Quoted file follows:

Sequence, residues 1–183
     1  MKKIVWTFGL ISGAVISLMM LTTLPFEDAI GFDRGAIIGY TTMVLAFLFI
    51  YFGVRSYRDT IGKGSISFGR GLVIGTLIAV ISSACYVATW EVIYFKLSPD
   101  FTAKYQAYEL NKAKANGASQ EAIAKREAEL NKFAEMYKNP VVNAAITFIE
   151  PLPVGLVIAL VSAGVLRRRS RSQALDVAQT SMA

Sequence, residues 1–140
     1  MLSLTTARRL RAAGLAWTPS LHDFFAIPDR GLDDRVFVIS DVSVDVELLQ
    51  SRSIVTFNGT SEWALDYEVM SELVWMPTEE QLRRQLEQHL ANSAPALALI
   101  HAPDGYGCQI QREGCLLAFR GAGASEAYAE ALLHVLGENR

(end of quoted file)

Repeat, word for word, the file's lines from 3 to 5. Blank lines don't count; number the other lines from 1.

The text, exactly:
    51  YFGVRSYRDT IGKGSISFGR GLVIGTLIAV ISSACYVATW EVIYFKLSPD
   101  FTAKYQAYEL NKAKANGASQ EAIAKREAEL NKFAEMYKNP VVNAAITFIE
   151  PLPVGLVIAL VSAGVLRRRS RSQALDVAQT SMA